Top military historians examine one of the bloodiest clashes between Grant and Lee. The Spotsylvania Campaign was a crucial period in the protracted confrontation between Ulysses S. Grant and Robert E. Lee in spring 1864. Approaching the campaign from a variety of perspectives, the contributors to this volume explore questions regarding high command, tactics and strategy, the impact of continuous fighting on officers and soldiers in both armies, and the ways in which some participants chose to remember and interpret the campaign. They offer insight into the decisions and behavior of Lee and of Federal army leaders, the fullest descriptions to date of the horrific fighting at the 'Bloody Angle' on May 12, and a revealing look at how Grant used his memoirs to counter Lost Cause interpretations of his actions at Spotsylvania and elsewhere in the Overland Campaign. The contributors are William A. Blair, Peter S. Carmichael, Gary W. Gallagher, Robert E. L. Krick, Robert K. Krick, William D. Matter, Carol Reardon, and Gordon C. Rhea.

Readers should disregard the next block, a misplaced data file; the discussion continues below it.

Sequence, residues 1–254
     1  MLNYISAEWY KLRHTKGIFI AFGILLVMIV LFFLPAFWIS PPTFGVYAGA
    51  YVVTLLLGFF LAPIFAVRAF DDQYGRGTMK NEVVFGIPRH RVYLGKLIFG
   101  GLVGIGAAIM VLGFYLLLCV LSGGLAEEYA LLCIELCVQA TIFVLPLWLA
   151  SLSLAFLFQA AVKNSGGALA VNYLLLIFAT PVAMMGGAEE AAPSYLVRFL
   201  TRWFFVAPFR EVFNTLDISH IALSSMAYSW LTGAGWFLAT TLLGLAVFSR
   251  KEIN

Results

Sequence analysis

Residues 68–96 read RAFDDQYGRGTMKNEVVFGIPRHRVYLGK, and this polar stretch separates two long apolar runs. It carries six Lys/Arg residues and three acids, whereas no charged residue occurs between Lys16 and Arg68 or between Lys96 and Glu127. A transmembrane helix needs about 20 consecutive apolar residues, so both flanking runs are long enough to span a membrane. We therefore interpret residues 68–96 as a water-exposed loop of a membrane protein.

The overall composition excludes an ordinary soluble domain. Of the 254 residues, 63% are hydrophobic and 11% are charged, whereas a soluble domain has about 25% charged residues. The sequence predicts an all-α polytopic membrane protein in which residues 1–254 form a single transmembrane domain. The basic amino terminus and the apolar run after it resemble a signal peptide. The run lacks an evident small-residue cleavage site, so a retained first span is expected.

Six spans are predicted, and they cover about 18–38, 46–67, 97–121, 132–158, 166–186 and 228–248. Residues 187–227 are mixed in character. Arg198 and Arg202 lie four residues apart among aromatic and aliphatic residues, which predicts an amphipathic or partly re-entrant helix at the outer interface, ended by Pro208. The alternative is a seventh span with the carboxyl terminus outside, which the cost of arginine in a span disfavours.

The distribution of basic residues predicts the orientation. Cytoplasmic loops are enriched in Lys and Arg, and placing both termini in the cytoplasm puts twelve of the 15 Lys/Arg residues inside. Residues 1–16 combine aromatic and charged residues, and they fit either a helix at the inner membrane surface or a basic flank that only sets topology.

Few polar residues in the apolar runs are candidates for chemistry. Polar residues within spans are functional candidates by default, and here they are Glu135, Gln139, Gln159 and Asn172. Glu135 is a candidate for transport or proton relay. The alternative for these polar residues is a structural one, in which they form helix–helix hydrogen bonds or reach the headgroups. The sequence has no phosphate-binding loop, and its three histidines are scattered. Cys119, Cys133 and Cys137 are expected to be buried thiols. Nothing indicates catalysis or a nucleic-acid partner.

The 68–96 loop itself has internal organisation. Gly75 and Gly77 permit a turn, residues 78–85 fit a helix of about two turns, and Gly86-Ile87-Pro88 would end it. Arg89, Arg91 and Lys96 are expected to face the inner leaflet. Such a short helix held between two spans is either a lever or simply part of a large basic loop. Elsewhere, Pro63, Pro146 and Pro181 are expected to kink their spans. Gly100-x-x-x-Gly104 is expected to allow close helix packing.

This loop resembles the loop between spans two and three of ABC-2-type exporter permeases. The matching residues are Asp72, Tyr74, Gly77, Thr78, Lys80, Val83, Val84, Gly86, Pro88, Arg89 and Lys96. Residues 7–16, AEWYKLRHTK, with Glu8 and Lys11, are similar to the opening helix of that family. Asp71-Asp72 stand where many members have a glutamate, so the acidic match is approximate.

Gary W. Gallagher is John L. Nau III Professor of History at the University of Virginia. He is author, most recently, of Lee and His Army in Confederate History.